Major life changes, such as a move to a smaller home or the death of a family member, may lead to downsizing as you consider strategies for managing or disposing of accumulated possessions. You may be relocating, downsizing, or clearing the estate of a family member who has passed away.

These situations can be stressful because of sentimental connections to the objects themselves or feelings of insecurity from not knowing the true dollar value of the items. The involvement of multiple family members can also complicate decision making. Here’s John Bottero from Thomaston Place Auction Galleries with some downsizing tips.

Downsizing tips

Here are a few steps to help you determine the best strategy for downsizing possessions:

1. Agree on a Plan: Get all involved parties together, in person or on the phone, to discuss the task at hand. This allows all involved to express their emotions and concerns. The goal is to get everyone’s acceptance of the process.

2. Select a Leader: A leader is critical to amicably orchestrate discussions and move the process ahead. In the case of an estate, this would generally be the executor, or the person who holds power of attorney.

downsizing is often the reason for appraising household assets3. Identify the Right Appraiser: Engage the services of an appraiser with a high level of professionalism and current market knowledge for the types of items you have. Keep in mind that an established expert will be able to quickly recognize the value of your items while an under qualified appraiser may not have a good pulse on current market conditions. Seek recommendations from friends who have gone through the process before you, and listen to their experiences. You may also refer to professional appraisal groups, such as the American Society of Appraisers (ASA), International Society of Appraisers (ISA) to find suitable candidates.

4. Conduct the Right Appraisal for Your Needs: A formal written appraisal is generally required for settling estates, charitable donations, and insurance purposes. A more informal appraisal (where the appraiser provides verbal valuations while a family member takes notes) may suffice if you are downsizing or gifting your items to other family members.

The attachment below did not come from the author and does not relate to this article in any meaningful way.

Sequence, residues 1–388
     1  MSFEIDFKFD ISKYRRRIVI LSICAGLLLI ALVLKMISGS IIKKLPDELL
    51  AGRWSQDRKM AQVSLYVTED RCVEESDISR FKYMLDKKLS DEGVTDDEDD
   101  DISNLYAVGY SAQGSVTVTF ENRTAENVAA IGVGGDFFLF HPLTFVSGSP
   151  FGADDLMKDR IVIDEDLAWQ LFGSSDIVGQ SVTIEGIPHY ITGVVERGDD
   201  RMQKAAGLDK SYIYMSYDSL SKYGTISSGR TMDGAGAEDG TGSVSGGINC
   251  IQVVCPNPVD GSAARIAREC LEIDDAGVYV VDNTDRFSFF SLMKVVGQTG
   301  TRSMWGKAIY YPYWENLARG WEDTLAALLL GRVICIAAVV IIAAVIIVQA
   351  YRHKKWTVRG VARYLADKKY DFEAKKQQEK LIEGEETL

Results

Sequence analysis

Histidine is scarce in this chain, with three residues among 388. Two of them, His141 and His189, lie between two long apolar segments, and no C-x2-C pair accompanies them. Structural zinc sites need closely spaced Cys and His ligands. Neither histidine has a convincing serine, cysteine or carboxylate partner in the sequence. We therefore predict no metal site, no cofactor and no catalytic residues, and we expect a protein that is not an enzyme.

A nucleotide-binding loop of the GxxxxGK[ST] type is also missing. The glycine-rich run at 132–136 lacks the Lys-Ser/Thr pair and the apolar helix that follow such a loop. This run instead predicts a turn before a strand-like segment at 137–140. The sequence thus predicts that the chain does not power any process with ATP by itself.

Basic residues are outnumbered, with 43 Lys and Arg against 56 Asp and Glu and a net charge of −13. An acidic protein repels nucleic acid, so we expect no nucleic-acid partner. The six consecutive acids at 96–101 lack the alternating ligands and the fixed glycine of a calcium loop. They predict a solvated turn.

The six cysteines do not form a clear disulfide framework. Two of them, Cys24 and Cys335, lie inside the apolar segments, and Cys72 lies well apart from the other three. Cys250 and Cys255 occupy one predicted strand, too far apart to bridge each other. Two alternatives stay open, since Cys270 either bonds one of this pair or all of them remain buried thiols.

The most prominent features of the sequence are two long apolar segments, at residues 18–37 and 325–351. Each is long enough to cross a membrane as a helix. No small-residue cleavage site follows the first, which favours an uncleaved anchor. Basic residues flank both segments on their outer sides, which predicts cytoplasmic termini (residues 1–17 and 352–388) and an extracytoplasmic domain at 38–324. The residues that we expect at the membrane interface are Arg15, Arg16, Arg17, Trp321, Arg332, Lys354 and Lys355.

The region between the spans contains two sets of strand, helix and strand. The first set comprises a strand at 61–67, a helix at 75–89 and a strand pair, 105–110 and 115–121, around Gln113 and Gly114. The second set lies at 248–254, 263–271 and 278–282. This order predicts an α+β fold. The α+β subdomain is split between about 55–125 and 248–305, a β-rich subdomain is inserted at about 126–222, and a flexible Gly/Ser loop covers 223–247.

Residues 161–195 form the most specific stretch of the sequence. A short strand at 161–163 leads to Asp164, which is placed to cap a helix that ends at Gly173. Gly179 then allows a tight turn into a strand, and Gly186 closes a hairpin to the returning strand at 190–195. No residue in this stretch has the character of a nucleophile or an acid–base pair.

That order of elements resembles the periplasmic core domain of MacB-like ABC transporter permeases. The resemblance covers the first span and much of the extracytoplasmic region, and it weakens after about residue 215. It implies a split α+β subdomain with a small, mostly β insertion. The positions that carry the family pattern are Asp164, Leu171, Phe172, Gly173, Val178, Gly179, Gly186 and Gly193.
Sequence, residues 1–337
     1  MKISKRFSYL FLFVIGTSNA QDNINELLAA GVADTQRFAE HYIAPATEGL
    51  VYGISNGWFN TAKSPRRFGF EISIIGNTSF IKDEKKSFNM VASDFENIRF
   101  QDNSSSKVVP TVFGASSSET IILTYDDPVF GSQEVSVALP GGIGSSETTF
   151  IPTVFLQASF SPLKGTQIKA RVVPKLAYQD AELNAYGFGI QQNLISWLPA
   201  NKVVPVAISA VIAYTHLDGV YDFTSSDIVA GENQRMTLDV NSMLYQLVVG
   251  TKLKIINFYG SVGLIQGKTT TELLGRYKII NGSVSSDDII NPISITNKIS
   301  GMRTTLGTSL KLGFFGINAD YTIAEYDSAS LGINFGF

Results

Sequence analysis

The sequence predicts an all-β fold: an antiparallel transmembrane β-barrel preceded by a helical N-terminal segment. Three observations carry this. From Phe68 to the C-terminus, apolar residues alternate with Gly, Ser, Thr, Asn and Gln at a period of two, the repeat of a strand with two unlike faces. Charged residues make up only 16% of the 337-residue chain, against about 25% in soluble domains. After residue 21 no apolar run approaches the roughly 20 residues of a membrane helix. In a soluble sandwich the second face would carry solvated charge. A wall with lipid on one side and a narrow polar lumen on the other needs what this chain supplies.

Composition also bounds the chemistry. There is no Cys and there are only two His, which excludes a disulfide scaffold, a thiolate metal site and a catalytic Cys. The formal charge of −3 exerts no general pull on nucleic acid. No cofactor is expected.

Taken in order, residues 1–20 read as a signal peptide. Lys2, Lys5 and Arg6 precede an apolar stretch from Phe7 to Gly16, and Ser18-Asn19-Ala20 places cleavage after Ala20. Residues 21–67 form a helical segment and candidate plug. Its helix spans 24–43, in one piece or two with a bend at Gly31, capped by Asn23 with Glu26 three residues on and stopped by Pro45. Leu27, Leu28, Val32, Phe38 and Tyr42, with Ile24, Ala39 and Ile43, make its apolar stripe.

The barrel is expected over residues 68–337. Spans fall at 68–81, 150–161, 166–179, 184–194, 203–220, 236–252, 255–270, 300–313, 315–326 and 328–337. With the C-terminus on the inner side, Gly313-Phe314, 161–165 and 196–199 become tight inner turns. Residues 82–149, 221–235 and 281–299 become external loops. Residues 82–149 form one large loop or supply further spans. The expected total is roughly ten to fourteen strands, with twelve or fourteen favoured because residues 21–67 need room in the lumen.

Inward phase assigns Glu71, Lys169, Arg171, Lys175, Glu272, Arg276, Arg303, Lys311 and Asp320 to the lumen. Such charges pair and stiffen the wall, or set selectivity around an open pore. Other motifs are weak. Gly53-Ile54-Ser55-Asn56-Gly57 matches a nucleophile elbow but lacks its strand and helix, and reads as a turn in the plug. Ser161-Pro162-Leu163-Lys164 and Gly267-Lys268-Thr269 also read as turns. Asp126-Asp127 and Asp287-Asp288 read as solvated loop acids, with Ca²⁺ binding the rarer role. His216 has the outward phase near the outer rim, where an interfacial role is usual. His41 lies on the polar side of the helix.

5. Streamline the Process: Keep in mind that smaller items like jewelry and art may make up some of the more valuable objects in a household. Coin and stamp collections can also carry significant value, followed by fine antique items, rugs, lighting, rare toys, historical items, etc. Consider a “Top-Down” approach, meaning spend significant time placing significant assets first, and work down the list.

6. Make Careful Decisions: The appraisal will also be an invaluable tool for equitably dividing assets of an estate or determining insurance value for items retained. However, it is up to all involved to factor sentimental ties into the decision to keep, give away, or sell each item. Keep in mind that sentiment can potentially cloud judgment. We have seen family members deadlocked on a $50 item, while making a hasty decision on a $10,000 item, resulting in a loss of potential income to the entire family. If you find yourself unsure of what to do with an item, hang onto it until you feel comfortable with your final decision.

A carefully considered plan for determining the future of each of your treasured possessions can help solidify family bonds and help honor the memory of its prior owners.


Author Information:

John D. Bottero is Vice President of Thomaston Place Auction Galleries, coastal Maine’s premier auction & appraisal company, and a leading resource for fine art, jewelry, antiques, and real estate